FOR IMMEDIATE RELEASE
May 17, 2012
NEWARK, N.J. – A Somerset County, N.J, man was arrested today after being indicted by a federal grand jury on charges that he ran an investment scheme that defrauded victims of at least $9 million, U.S. Attorney Paul J. Fishman announced.
David Connolly, 50, of Watchung, N.J., was charged in the 16-count Indictment with one count of securities fraud, five counts of mail fraud, three counts of wire fraud, and seven counts of money laundering. The Indictment was returned May 16, 2012. In a parallel investigation, the Securities and Exchange Commission today filed civil charges against Connolly for securities fraud.
According to documents filed in this case:
From at least 2006 through October 2009, Connolly orchestrated a real estate investment fraud scheme in which he took in more than $50 million from more than 200 victims, causing losses of at least $9 million.
To induce victims to invest, Connolly made various types of materially false and misleading statements and omissions. He told victims their money would be used to purchase a specific property, and the property would generate rental income that would be used to pay investors monthly distributions. Connolly also told victims their money would be held in escrow until the closing of a purported real estate transaction and each property would be financially independent from all the others. Connolly misrepresented the amount of equity victims had in the properties, the condition of the properties, and the financial performance of the properties.
Connolly took significant portions of his victims’ money, which had been provided for specific real estate transactions, and used it for other purposes, without disclosing the diversions of funds to victims. These included funding unrelated real estate transactions in which Connolly was engaged; paying prior victims; and paying himself. The scheme collapsed in the summer of 2009, after Connolly began to default on the mortgage payments for the investment properties.
If convicted of the securities fraud charge, Connolly faces a maximum potential penalty of 20 years in prison and a $5 million fine. If convicted on the mail fraud or wire fraud charges, Connolly faces a maximum potential penalty of 20 years in prison and a $250,000 fine. Connolly also faces a maximum potential penalty of 10 years in prison and a $250,000 fine on the money laundering charges.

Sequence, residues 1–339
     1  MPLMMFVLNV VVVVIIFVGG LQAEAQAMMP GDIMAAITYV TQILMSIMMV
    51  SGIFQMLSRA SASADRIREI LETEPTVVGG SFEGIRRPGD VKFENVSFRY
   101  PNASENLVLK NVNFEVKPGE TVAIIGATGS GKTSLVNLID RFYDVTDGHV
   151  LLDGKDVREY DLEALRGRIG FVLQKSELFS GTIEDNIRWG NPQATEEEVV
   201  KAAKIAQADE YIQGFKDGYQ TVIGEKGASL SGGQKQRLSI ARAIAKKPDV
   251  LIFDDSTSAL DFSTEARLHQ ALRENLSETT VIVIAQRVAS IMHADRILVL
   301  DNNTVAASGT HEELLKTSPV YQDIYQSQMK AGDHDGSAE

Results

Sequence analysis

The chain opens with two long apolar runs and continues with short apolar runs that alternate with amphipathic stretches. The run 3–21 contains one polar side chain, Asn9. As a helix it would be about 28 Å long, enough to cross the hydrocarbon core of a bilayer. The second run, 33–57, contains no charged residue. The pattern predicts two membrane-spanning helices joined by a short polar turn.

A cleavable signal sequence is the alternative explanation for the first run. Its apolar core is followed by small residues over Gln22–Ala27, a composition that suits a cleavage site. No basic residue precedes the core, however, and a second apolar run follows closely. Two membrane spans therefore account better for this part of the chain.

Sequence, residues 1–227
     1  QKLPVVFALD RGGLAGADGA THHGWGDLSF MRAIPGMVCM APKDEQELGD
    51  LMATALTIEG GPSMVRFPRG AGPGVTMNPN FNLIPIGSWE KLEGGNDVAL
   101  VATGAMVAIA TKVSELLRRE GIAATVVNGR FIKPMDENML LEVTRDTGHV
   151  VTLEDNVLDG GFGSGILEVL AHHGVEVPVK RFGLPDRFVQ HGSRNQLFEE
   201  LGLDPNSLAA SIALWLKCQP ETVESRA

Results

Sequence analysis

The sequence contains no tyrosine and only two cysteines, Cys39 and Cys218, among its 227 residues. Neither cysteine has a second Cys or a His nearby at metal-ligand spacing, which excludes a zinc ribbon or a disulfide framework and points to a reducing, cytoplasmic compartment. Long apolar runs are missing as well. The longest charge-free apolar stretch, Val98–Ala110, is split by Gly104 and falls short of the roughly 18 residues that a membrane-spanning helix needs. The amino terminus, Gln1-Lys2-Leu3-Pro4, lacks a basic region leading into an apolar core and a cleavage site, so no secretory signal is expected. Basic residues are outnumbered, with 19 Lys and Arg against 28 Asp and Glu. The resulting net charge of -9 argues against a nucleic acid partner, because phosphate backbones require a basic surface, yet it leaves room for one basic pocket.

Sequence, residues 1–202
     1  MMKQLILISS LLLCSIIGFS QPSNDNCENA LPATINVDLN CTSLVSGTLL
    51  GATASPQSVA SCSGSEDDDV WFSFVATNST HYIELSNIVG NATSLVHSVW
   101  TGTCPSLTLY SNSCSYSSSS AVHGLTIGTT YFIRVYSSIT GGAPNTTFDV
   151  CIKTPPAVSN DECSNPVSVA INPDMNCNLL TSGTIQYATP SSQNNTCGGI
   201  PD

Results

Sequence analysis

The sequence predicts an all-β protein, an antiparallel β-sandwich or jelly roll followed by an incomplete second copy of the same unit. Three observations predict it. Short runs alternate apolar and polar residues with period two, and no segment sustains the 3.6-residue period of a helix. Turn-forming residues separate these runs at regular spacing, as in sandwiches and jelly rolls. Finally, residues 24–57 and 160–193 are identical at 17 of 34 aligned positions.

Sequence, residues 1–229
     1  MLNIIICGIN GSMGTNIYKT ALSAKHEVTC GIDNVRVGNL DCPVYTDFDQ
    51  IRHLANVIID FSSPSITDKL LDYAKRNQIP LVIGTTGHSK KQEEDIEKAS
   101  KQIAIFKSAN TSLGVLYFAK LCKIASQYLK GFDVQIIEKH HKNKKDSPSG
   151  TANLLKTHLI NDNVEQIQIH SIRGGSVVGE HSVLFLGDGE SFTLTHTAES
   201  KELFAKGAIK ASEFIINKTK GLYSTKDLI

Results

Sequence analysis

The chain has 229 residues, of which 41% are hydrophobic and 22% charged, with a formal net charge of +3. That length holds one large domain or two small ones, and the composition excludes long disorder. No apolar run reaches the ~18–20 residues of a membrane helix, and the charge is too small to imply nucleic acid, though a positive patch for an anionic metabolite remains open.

U.S. Attorney Fishman credited special agents of the FBI, under the direction of Special Agent in Charge Michael B. Ward in Newark, for the investigation leading to today’s indictment. He also thanked special agents of IRS – Criminal Investigation, under the direction of Acting Special Agent in Charge JoAnn S. Zuniga, for their important contributions to the investigation.
The government is represented by Assistant U.S. Attorneys Charlton A. Rugg and Aaron H. Mendelsohn of the Economic Crimes Unit.
The charges and allegations contained in the Indictment are merely accusations, and the defendant is considered innocent unless and until proven guilty.
If you believe you are a victim of or otherwise have information concerning this alleged scheme, you are encouraged to contact the FBI at 973-792-3000.
This case was brought in coordination with President Barack Obama’s Financial Fraud Enforcement Task Force. President Obama established the interagency Financial Fraud Enforcement Task Force to wage an aggressive, coordinated, and proactive effort to investigate and prosecute financial crimes. The task force includes representatives from a broad range of federal agencies, regulatory authorities, inspectors general, and state and local law enforcement who, working together, bring to bear a powerful array of criminal and civil enforcement resources. The task force is working to improve efforts across the federal executive branch, and with state and local partners, to investigate and prosecute significant financial crimes, ensure just and effective punishment for those who perpetrate financial crimes, combat discrimination in the lending and financial markets, and recover proceeds for victims of financial crimes.
Defense counsel: K. Anthony Thomas Esq., Assistant Federal Public Defender, Newark